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By Eric Heinz

Since March 19, when federal Judge David O. Carter said he would permit the Orange County Board of Supervisors to rethink its location of homeless shelters or tent encampments, city leaders throughout the county have been on edge.

Many of the cities in Orange County have been worried about where the shelters would be placed, particularly if they would be placed on county-owned land near schools or other family-oriented areas.

The fears are based on a lack of knowledge of the people who would be staying in these collective areas.

On April 3, Carter, in essence, told the cities that they need to come together at a meeting in the near future to figure out the issues.

On April 2, the city of Santa Ana began a process to clear about another 100 people from the Civic Center courtyard, where many of the overflow homeless have set up camps. Other areas of the county could be tapped for shelters, but nothing is set in stone.

San Clemente doesn’t have any land within its borders that is owned by the county. There are agreements with the county for certain services, but not enough land to host a shelter.

San Clemente Mayor Tim Brown attended the hearing on Tuesday in Santa Ana at the federal courthouse.

Brown said it’s a bit of an awkward position for San Clemente as the city is not part of the ongoing lawsuit that was the catalyst to the current issues regarding homeless shelters in Orange County.

Brown said the only mayors who spoke to the judges in his chambers away from public view were from the cities that were involved in potential litigation sparked by the now-rescinded decision to place tent sites or homeless shelters in Irvine, Huntington Beach and Laguna Niguel.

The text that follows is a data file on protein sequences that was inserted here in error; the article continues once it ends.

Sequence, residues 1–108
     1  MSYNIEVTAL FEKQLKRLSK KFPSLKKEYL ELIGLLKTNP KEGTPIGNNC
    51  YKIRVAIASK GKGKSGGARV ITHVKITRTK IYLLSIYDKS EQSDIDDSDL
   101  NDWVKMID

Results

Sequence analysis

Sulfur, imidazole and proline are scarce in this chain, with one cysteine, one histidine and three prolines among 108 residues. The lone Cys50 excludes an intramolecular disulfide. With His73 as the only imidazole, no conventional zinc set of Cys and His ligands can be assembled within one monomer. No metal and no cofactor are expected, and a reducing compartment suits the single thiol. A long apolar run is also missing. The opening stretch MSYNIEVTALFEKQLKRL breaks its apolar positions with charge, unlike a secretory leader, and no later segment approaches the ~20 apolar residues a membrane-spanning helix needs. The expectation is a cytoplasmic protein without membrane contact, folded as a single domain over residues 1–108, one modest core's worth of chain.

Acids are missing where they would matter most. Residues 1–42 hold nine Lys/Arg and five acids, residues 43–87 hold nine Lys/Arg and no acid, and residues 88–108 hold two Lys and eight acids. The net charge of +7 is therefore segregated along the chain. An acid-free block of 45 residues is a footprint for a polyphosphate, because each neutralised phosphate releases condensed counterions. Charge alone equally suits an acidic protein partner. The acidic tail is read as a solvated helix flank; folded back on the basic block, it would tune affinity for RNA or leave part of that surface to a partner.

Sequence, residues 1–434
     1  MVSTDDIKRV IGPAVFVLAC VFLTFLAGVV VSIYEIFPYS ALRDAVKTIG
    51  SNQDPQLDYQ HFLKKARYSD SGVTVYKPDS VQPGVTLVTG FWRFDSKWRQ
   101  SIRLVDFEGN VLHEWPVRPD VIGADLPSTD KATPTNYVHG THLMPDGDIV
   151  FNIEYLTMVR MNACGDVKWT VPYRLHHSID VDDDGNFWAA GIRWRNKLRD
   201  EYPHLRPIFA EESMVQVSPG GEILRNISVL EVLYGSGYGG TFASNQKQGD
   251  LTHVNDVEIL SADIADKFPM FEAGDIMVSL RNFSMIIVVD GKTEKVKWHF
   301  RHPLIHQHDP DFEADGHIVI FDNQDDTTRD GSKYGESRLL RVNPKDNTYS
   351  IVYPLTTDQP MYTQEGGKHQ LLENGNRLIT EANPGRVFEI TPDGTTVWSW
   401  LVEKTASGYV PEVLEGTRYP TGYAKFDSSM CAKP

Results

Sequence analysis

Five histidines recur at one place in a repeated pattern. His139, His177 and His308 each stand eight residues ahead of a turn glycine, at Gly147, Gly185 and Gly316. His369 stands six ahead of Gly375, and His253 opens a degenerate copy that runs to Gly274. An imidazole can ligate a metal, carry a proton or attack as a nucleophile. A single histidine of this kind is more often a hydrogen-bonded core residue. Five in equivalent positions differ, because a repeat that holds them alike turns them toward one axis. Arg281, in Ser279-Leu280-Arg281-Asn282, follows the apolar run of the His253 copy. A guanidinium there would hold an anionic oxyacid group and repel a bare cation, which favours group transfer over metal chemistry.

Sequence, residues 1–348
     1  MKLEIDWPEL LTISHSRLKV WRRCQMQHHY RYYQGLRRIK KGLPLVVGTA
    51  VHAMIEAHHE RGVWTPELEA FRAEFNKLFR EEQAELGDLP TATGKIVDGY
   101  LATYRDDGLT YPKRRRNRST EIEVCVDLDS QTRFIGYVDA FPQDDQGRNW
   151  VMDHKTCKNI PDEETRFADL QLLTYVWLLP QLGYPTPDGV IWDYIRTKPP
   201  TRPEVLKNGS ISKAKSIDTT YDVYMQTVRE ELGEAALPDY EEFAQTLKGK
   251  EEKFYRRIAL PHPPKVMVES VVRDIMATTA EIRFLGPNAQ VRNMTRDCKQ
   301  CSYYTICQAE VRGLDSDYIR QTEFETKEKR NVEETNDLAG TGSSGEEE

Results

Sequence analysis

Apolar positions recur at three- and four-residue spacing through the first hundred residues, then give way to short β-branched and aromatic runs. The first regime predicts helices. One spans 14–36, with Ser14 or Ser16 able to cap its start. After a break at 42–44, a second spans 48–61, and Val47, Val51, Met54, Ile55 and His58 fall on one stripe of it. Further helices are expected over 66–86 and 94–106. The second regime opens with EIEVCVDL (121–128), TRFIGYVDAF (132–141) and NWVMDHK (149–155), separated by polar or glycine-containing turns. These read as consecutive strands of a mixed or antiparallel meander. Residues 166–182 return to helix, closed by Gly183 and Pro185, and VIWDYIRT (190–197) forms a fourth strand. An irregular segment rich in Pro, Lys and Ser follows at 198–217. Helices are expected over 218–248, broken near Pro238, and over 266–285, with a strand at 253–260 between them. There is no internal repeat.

“I was happy to attend, but I didn’t necessarily feel that was the right venue to assert (a point) because…if you’re not part of the action, what’s your place there?” Brown told the San Clemente Times after Tuesday’s City Council meeting. “We’ve had extensive discussions about what to do about the homeless. But the hearing was more about going forward. We’re going to continue to attend those meetings.”

Brown said the city is fairly “self-sustaining” when it comes to processing the city’s homeless population.

“The real challenge…is that if you don’t provide beds for someone to go to, you can’t arrest them for not going,” Brown said, regarding the fears many San Clemente residents have voiced in regard to San Clemente’s current homeless population. “Frankly, our sheriff’s deputies don’t have the tools to handle this problem.”

WHAT’S NEXT: Mary Perdue, the executive director of Family Assistance Ministries (FAM) in San Clemente, attended the hearing on Tuesday. During the proceedings, some South Orange County cities were accused of bussing homeless people from their cities to Santa Ana, where one of the few 24-7, unrestrictive homeless shelters in the county operates.

Perdue said FAM never sends people to Santa Ana for treatment unless it’s an uncommon referral for alcohol use disorder treatment. It’s uncommon for FAM to do this because they conduct their own assessments of homeless or people who are trying to avoid becoming homeless. Last year, FAM conducted assessments for 24 families that were homeless and constantly processes families through its organization to find them adequate housing. FAM also operates a few shelters in San Clemente, but people do have to meet some certain criteria and space is limited. They don’t operate “emergency shelters.”

Judge Carter eventually ordered the cities to come together at a meeting to discuss the issues and to come to an equitable solution. One such meeting is expected to come to San Clemente this month.

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